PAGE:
PostgreSQL should not store 'half-sized' data
Websites and applications use a wide variety of sizes of text, from small ones such as usernames and email addresses to large ones such as blog bodies. In general, we do not use different databases depending on the text size, but software engineer Haki Benita explained the research results and the mechanism that storing 'half size' text data in PostgreSQL database leads to performance degradation. Explains.
The Surprising Impact of Medium-Size Texts on PostgreSQL Performance | Haki Benita
For PostgreSQL, database indexes and tables are organized by 'pages'. The page size is uniform and data cannot be recorded across multiple pages. If you want to insert a small value into the table, there is no problem because the value will fit in the table as it is, but if you want to store a large value, you need to be creative.
The device is a data division mechanism called 'TOAST'. When storing a large value in the column corresponding to TOAST, a new TOAST table drawn in pink will be created and the data will be divided into multiple rows and stored.
When the TOAST table is displayed with the SELECT statement, it looks like this. There are three columns, 'chunk_id', 'chund_seq' and 'chunk_data'.
Benita prepared the following three types of tables and measured the speed of reading a specific record from each table.
-Toast_test_small: A table that stores 500,000 lines of text that can be stored in the table as it is
-Toast_test_medium: A table that stores 500,000 rows of 'limit' size text that can be stored in the table as it is
-Toast_test_large: A table that stores 500,000 lines of text of a size that allows TOAST processing.
Visualizing each table with a diagram looks like this. In the toast_test_small table, the values are stored in the table as they are.
The toast_test_medium table is a state in which large text is stored in the original table without TOAST processing.
The toast_test_large table has a large text size and is toasted.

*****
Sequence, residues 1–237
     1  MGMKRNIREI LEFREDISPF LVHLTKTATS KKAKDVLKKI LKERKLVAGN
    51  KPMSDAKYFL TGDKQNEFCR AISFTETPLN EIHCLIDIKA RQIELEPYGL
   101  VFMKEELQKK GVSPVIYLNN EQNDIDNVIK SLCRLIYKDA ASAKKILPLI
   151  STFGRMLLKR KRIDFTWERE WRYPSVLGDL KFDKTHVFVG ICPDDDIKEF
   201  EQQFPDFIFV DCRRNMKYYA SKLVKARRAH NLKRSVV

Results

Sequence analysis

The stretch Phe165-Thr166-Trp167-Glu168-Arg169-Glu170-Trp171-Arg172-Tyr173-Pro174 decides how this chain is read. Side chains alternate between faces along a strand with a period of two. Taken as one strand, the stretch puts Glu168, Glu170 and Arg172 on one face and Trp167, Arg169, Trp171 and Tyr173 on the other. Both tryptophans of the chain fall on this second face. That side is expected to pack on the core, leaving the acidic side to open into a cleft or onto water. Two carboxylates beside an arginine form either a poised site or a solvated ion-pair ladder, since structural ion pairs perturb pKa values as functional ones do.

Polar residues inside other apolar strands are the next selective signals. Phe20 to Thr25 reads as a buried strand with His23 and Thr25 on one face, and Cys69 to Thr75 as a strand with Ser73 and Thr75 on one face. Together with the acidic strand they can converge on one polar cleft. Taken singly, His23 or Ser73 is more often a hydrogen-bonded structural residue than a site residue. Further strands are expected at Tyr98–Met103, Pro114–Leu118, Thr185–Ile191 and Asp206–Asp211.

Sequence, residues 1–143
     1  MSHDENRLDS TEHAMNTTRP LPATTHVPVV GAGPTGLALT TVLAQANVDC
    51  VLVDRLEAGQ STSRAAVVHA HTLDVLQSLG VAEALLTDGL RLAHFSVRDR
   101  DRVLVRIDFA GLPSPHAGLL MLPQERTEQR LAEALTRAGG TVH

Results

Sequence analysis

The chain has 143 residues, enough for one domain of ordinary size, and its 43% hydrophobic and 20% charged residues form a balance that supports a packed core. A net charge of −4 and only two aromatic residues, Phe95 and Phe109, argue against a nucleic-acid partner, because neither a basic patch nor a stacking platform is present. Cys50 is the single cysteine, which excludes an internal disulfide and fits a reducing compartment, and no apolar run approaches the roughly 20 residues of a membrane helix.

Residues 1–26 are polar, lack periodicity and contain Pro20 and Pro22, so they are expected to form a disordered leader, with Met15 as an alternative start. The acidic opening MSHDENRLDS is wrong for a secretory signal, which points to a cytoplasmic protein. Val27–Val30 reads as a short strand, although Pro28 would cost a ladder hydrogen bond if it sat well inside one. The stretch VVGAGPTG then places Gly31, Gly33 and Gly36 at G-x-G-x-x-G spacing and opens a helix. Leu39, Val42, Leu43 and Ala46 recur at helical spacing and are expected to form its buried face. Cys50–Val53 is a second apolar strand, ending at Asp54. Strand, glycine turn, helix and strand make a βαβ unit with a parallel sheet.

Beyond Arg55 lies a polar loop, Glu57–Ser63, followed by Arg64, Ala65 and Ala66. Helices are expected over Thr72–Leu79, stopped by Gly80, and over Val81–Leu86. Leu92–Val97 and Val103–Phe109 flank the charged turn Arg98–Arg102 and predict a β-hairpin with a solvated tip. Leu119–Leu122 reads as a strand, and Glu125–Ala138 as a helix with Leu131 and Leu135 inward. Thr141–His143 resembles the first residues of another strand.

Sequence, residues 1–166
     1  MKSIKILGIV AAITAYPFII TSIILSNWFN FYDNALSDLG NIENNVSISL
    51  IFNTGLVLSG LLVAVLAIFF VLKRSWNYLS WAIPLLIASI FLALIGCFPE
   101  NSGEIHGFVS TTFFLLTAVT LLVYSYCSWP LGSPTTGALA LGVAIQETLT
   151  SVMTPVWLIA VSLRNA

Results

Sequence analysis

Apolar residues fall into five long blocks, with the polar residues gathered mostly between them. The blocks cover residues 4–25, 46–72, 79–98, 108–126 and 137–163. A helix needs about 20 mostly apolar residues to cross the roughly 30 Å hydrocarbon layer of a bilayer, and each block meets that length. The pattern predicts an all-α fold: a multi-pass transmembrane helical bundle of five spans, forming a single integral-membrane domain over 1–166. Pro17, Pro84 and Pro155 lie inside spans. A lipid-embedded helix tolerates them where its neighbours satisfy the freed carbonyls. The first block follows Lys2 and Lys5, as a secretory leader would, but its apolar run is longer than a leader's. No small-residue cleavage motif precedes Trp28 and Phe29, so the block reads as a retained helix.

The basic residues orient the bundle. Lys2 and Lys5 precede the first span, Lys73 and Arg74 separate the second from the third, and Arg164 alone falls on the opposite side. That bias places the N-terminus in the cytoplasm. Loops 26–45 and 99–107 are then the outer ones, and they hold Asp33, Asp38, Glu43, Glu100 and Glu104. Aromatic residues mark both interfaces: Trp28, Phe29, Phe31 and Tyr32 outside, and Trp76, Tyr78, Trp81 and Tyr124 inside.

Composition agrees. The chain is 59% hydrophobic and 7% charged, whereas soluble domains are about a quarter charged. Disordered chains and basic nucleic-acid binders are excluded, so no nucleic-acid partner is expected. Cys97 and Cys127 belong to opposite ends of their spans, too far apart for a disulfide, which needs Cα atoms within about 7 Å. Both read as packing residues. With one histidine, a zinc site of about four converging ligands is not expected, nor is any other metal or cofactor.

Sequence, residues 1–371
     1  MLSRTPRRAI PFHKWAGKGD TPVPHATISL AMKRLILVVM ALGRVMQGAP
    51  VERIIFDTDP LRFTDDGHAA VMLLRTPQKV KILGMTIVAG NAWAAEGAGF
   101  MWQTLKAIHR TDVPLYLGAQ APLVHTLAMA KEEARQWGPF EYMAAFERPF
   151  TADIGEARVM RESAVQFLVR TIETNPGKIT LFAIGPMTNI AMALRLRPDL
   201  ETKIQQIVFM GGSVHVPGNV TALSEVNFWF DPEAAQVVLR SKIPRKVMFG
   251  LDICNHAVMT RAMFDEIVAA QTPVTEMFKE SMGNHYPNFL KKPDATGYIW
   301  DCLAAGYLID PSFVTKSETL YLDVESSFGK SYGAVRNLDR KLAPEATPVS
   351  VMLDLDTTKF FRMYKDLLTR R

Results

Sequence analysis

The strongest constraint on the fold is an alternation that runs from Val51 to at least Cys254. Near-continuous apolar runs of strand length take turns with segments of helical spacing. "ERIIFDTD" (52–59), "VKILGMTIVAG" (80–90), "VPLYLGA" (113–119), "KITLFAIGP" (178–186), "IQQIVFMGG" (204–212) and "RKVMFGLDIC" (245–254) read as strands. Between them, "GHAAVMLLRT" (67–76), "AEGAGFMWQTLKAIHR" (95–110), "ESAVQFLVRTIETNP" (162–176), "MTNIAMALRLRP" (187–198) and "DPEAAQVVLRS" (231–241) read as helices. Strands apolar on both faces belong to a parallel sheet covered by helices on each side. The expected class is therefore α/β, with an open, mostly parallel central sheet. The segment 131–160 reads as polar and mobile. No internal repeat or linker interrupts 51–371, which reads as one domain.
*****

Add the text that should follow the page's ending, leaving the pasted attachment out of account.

For these three tables, measure the execution speed of the following SQL statement that reads the record with a specific ID. It seems that the read speed of the toast_test_large table, which has the largest overall data size, is the slowest ...
[code] SELECT * FROM toast_test_medium WHERE id = 6000; [/ code]
Below is a table summarizing each table size and TOAST table size. When PostgreSQL retrieves a particular record from a table, it scans the entire table. The toast_test_small and toast_test_large tables can be scanned in a short time due to the small size of the original table, but the toast_test_medium table has a large size of the original table, so it takes time to read the record. Benita explains that it will end up.
The previous SQL statement searched for the ID that exists in the original table, but if you execute the following SQL statement that needs to verify the values that exist in the TOAST table one by one ...
[code] SELECT * FROM toast_test_large WHERE value LIKE'foo%'; [/ code]
The reading speeds are arranged in order of text size.
When I created the index , the performance in reading a specific record was almost the same, but when I specified 'WHERE id BETWEEN 0 AND 250000' and got a large number of records, the performance of the toast_test_medium table was as follows. For the worst results. Indexes help reduce the number of pages the data base has to access, but they are less effective when the SQL statement itself makes read / write requests for most of the table.
If you often store 'halfway' size text, such as the toast_test_medium table, you can change the 'toast_tuple_target' parameter to lower the lower limit of the data size at which TOAST is performed, or split the table itself. You should do it. Also, in data warehouses that do not perform online transaction processing , it is said that storing data in columns instead of rows may improve the performance of scanning for specific columns.
in Software, Posted by log1n_yi